Quantum simulation is the process of simulating a quantum mechanical system using either a quantum or a classical computer. Because quantum mechanical systems contain a large number of entangled particles, they are hard to simulate on a classical computer. It is the task of computational complexity theorists to estimate the amount of resources to do the same number of operations on either classical or quantum devices. This report first summarizes the state of the art in the field of quantum computing, and gives an example of a model of quantum computer and examples of quantum algorithms that are currently being researched. Then our own research about k-local quantum Hamiltonians is discussed. We developed programs to determine if a particular kind of k-local Hamiltonian has zero-energy solutions. First, to familiarize ourselves with quantum algorithms, we implemented a recently discovered polynomial-time 2-QSAT algorithm called SolveQ. Then we wrote several versions of brute force 7-variable 3-QSAT solvers and conducted experiments for the threshold of satisfiability. We empirically determined that the thresholds for the four versions, Versions 3, 4, 5, and 6, are 0.741, 1.714, 1.714, and 0.571, respectively. In addition, experiments were conducted involving the 6-qubit Ising model, working on which caused us to realize how inefficient the classical computer really is at simulating quantum mechanical systems. Our conclusion is that quantum simulation is much less feasible than classical simulation on a classical computer.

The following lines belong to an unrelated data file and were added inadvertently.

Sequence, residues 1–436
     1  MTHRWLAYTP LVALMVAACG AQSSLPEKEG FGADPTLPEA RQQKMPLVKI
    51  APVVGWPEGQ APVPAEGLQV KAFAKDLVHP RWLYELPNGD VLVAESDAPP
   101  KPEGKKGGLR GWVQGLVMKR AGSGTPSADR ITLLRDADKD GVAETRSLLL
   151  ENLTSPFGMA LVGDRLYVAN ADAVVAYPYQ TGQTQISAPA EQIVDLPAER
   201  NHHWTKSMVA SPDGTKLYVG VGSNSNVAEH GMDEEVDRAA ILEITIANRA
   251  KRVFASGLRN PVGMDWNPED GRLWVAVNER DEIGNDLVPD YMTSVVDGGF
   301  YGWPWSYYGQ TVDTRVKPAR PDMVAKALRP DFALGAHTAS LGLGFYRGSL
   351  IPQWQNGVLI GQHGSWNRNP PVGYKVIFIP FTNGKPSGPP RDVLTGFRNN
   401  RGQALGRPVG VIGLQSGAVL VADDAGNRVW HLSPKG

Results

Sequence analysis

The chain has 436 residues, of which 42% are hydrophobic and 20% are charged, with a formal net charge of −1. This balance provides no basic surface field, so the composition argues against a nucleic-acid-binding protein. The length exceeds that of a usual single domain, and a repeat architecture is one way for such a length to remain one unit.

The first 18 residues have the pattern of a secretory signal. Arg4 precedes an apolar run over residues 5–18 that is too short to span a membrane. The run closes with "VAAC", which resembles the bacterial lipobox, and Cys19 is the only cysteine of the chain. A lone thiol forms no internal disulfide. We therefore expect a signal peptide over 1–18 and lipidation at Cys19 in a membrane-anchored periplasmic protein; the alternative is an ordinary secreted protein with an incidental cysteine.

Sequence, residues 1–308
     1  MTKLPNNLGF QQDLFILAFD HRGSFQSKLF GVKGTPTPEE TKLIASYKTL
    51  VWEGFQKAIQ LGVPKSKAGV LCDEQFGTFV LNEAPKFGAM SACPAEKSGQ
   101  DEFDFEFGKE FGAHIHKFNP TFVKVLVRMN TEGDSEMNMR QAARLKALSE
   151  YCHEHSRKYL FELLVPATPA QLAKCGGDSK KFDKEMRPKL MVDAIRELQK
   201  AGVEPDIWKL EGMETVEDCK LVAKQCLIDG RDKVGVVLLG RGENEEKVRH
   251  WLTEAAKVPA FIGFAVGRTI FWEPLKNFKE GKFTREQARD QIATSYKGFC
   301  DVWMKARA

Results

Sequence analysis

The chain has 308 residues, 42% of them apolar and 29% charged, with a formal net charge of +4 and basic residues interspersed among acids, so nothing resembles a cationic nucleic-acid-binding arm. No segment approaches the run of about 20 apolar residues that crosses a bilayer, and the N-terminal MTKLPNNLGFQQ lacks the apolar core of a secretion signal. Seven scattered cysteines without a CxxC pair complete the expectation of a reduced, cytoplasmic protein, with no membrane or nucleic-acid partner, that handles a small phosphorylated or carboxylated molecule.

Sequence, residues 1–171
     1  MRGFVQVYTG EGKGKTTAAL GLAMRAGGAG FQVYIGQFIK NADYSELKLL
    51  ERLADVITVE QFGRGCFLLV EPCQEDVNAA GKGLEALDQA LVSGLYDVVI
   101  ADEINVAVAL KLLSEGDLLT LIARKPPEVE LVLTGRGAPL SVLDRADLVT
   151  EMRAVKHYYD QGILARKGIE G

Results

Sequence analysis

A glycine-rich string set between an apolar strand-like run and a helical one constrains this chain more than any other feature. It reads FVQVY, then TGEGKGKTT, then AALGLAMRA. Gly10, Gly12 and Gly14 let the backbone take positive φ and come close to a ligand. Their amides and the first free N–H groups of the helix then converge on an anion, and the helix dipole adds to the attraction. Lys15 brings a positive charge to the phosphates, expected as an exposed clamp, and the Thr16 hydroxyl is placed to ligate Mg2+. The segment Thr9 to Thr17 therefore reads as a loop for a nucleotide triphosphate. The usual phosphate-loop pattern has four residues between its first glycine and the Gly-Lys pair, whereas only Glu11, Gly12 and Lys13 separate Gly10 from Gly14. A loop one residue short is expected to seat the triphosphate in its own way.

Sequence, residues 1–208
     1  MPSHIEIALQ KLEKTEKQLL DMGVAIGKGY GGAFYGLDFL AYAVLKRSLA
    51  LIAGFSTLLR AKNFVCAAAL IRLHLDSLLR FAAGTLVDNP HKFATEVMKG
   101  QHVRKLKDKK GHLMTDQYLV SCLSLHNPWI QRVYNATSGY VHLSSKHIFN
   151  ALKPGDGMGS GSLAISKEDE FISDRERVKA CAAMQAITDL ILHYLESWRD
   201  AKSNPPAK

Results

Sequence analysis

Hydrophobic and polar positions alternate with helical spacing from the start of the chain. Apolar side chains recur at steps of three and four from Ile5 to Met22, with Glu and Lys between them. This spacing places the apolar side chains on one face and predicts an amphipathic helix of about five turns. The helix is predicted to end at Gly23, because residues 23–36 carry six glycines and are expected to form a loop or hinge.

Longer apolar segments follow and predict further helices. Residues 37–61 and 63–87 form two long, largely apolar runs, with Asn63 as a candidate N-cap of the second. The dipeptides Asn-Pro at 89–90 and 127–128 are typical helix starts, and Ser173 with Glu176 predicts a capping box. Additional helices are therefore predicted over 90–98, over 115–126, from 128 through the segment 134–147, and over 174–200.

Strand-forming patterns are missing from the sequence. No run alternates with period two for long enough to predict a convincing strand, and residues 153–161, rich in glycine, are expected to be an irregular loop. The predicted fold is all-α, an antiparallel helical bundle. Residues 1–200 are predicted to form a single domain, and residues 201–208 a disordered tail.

|Commitee:||Beyersdorf, Peter, Madura, Thomas|
|School:||San Jose State University|
|School Location:||United States -- California|
|Source:||MAI 81/2(E), Masters Abstracts International|
|Subjects:||Computer science, Physics|
|Keywords:||Ion trap, Quantum algorithms, Quantum computing, Quantum simulation|
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